So when Charlie dies in dark circumstances, Vera knows a lot more than anyone—the kids at school, his family, even the police. But will she emerge to clear his name? Does she even want to?
Edgy and gripping, Please Ignore Vera Dietz is an unforgettable novel: smart, funny, dramatic, and always surprising.
My thoughts: I didn’t look at too many reviews for this book, but it wasn’t hard to tell that a lot of people loved it. I saw it online and decided to buy it. I had no intention of reading it anytime soon. But once it got to my house, it called out to me and I had to read it. Looking back, it’s so amazing that I started 2010 with Paper Towns (a favorite!) by John Green, and ended 2010 with Please Ignore Vera Dietz (another favorite). Initially with King switching from past to present, and giving people like Vera’s father their own chapter, I was concerned it wouldn’t flow. But everything worked, from Vera’s father’s flow charts, to the talking pagoda, and transitions from past to present. King successfully goes back and forth between past and present, even though I initially thought it was a bad idea. Sometimes I’d finish a chapter based in the past only to find that the next chapter was also set in the past. At first I thought, “No, this is too much of the past, I’ll get tired of it pretty soon.” But then she’d reveal something important and startling, and I’d say a quick sorry in regards to assuming King couldn’t write a good past tense chapter.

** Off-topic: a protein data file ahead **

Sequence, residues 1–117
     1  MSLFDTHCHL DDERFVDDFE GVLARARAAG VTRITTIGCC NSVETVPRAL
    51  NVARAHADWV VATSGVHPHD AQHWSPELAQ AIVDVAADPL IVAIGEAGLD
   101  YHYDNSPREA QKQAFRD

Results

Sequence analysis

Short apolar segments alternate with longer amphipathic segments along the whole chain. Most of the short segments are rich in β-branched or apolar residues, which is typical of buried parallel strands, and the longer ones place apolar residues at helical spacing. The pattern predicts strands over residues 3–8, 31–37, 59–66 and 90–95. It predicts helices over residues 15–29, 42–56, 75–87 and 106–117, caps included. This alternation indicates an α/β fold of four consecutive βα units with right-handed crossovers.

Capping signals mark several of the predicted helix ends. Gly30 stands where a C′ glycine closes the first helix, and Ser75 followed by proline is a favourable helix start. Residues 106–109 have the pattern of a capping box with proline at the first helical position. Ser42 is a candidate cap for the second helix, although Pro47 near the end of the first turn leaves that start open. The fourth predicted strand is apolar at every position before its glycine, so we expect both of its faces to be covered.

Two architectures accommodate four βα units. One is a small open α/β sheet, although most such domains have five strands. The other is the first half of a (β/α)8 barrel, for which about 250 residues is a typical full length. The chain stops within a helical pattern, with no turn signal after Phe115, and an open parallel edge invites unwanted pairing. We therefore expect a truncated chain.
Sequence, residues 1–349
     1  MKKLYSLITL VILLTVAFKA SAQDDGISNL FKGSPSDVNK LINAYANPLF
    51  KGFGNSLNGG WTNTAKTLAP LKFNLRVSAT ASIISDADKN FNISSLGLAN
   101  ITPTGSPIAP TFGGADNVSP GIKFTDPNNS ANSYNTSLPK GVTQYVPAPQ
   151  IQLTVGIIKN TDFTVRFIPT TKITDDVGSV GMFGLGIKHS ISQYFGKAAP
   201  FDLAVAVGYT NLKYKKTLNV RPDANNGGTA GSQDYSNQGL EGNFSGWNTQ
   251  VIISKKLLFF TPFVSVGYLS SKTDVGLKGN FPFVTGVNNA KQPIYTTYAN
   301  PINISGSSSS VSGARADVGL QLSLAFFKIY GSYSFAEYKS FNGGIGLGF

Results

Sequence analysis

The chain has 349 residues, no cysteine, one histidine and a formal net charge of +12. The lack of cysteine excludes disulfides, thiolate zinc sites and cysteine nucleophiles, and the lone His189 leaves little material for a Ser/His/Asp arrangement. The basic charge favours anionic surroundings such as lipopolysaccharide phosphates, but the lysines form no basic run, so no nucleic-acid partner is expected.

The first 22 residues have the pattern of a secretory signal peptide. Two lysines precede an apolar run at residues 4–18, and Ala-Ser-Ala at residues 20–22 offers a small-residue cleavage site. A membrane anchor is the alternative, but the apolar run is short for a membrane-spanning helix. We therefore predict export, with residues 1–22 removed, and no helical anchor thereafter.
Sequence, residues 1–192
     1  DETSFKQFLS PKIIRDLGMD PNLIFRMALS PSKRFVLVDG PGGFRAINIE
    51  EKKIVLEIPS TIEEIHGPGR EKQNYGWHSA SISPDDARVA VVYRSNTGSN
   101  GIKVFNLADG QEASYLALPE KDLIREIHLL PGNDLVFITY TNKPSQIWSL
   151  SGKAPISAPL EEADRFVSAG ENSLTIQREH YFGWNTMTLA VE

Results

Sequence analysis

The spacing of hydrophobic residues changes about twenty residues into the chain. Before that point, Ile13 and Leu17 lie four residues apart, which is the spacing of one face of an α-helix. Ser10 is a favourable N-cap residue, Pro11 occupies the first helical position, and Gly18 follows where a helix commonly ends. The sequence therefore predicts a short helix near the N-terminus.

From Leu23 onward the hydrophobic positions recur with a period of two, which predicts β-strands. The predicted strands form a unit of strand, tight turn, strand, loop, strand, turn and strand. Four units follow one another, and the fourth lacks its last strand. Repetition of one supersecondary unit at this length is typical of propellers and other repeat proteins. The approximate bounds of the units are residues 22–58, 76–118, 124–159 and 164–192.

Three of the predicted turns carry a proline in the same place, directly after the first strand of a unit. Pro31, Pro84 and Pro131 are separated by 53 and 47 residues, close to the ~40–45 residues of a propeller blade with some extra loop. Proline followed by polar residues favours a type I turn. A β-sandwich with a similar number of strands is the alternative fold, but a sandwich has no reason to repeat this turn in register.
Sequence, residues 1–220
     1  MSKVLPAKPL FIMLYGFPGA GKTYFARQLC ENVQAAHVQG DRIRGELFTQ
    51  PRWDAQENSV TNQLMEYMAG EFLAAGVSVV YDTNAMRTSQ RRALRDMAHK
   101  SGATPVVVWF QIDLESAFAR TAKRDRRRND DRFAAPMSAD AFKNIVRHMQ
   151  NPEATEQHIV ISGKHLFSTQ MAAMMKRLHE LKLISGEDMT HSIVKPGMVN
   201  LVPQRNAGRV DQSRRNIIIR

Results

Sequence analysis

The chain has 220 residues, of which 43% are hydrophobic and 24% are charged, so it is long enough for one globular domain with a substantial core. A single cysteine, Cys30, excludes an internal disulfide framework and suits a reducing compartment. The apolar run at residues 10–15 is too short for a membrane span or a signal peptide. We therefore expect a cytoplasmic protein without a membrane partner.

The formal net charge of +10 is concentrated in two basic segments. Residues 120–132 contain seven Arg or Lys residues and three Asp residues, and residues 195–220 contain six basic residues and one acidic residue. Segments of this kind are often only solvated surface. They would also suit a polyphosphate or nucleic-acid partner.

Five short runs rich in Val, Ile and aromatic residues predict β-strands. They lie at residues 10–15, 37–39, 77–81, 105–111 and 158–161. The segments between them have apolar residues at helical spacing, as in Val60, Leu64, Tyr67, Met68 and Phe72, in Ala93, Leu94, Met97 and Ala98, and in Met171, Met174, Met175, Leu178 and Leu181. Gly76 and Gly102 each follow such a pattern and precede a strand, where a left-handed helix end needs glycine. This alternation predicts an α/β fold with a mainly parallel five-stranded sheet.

Seeing as how this has now been deemed one of my favorite books, you’d think it would be happier. It’s not. It’s sad and depressing with humor sprinkled in between, but so are little sections of our life. Of course, having a dead best friend that wasn’t even a friend let along best friend before he died doesn’t make you want to sing Glee songs while skipping down the road (lol I don’t know where that image came from). Especially when you find out, as you read that the situation was much worse than you imagined. Until the very end of the story I saw myself go from “that sucks,” to “ok that really sucks,” to “Vera you deserve better cause he’s a douchebag.” But there’s this version of Charlie (her dead bff) that she sees, which at times seems wrong and at other times seems like it represents his potential or former self. And through Vera’s point of view, it’s very easy to understand both the love and hate she feels for Charlie, even if it’s at the same time.
There are so many things Vera has to deal with. There’s her relationship with Charlie, her Dad, or just herself. She has so much she has to deal with, that you eventually forget about Charlie, not that he becomes less prevalent. He just becomes a thing that is so constant; his presence just becomes a part of Vera’s background. It’s interesting how a book about death is actually about living. Through all her trials, Vera is forced to deal with her problems. Acceptance and growth are a huge part of this story, and it’s these kinds of aspects that helps make this book one of my favorite books!
Random great thing about this book: The freakin pagoda gets its own chapters! How cool is that?!!